There is always the risk that soldiers taking part in their regiment’s passing out parade will do just that and faint after long hours of marching in serried rank and standing to ramrod attention.
But this year Sandhurst Military Academy is trying to minimise the risk by moving its Sovereign Parade to earlier in the day because of the extreme heat.
Senior officers fear unprecedented numbers of the junior officers on parade could succumb to the high temperatures if the parade is held during the hottest part of the day.
At the same time more medics than usual will be on standby during Friday’s parade, when temperatures are expected to climb to between 30C and 33C between midday and 6pm.
The parade will now be held at 9.30am when temperatures are expected to be a more manageable 22-25C, instead of the usual 11am start, with guests told to be in place by 7.30am.
It is understood that two soldiers collapsed during rehearsals for the parade held during the current hot spell, with others feeling unwell.
An Army spokesman said: “The Sovereign Parade at Royal Military Academy Sandhurst on Friday will be brought forward to 9.30am due to forecasted high temperatures.”
The Ministry of Defence said that it regularly reviews its activities when the UK expects excessive temperatures and that additional guidance is being provided to all personnel on preventing heat illness including sunburn and heatstroke.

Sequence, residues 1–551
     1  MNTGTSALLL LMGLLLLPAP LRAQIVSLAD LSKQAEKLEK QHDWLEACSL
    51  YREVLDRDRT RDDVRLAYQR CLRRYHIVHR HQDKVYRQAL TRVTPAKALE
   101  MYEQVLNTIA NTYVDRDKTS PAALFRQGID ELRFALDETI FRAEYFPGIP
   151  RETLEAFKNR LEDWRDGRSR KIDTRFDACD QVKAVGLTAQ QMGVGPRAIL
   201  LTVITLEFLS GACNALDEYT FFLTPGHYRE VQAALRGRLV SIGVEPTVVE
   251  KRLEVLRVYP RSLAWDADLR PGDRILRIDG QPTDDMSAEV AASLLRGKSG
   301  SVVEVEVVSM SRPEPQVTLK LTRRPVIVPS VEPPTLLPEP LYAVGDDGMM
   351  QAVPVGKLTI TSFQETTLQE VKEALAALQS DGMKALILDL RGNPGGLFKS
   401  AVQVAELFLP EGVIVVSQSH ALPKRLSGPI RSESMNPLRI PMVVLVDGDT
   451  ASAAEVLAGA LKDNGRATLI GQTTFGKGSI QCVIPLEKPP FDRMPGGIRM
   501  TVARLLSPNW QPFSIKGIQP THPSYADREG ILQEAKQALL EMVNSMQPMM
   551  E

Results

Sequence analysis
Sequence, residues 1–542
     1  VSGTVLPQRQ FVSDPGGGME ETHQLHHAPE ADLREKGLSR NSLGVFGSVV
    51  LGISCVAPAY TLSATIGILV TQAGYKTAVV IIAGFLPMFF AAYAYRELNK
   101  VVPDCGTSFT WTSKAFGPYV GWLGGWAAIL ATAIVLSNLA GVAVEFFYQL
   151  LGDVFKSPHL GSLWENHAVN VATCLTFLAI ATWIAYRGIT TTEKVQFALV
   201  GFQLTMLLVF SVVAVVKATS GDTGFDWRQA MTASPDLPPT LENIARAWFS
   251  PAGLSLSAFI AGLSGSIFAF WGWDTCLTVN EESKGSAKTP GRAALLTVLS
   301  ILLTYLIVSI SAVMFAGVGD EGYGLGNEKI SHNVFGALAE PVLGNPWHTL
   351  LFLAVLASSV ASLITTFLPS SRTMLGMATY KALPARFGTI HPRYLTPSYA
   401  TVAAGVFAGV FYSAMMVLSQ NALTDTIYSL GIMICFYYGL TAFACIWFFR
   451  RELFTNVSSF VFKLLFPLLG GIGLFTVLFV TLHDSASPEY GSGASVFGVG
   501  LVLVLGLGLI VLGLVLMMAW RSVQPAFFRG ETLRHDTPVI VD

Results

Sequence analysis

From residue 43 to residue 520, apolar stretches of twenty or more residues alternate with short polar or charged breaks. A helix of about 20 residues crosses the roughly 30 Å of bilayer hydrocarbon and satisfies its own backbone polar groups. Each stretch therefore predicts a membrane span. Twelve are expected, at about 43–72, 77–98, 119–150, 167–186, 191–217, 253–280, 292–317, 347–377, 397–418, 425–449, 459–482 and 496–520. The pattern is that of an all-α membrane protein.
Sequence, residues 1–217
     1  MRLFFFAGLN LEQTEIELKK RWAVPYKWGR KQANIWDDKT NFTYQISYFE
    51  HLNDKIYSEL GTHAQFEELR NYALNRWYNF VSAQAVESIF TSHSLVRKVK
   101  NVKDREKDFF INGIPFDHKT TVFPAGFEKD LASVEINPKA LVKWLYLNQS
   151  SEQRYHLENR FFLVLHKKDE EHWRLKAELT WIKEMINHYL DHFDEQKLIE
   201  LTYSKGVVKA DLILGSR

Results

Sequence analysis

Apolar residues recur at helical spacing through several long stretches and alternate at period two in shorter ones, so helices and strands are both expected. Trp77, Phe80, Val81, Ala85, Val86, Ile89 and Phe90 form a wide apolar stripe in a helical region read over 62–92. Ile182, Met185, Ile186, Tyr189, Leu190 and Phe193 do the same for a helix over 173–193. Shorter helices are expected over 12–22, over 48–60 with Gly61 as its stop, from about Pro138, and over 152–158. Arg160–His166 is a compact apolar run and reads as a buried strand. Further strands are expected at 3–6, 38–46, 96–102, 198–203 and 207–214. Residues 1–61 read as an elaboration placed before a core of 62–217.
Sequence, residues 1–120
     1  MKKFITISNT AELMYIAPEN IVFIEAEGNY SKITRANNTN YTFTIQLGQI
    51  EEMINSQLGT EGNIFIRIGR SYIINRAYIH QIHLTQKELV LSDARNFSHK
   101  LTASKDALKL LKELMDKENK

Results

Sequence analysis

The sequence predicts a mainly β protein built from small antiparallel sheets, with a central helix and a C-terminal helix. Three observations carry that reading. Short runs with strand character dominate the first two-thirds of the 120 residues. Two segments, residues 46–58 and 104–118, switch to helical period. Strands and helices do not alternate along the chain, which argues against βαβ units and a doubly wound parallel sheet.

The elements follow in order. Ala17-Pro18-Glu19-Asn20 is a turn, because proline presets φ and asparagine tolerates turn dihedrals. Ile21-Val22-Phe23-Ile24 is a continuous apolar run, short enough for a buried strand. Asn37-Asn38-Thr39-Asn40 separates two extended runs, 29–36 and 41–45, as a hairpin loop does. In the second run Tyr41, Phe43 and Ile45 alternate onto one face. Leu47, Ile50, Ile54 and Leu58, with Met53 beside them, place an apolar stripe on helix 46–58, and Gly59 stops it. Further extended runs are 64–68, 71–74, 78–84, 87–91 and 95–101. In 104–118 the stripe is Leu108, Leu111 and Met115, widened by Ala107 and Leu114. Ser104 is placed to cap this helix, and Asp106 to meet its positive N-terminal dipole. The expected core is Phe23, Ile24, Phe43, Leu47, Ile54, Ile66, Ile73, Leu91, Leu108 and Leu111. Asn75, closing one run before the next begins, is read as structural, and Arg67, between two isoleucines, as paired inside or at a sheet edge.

Soldiers will be urged to take on additional water “to ensure they can continue to safely carry out their activities”.
The parade marks the completion of 44 weeks of intensive training for the Officer Cadets.
The Sovereign Parade, which dates back to 1948, takes place three times a year and marks the passing out of the Senior Divisions and their final parade.
There are three intakes over the course of the year at Sandhurst and all training Officers take part in the parade, which is inspected by the Queen, or her representative.
Representing Her Majesty on Friday will be Chief of Army Staff of the Pakistan Army General Qamar Javed Bajwa.
He will inspect the Senior Intake of the parade, give an address and present the prize winners’ awards including the coveted Sword of Honour to the Officer Cadet who in the opinion of the Commandant is the best of the intake.
The parade traditionally ends with the Adjutant riding their horse up the steps of Old College following the graduating Officer Cadets through the Grand Entrance.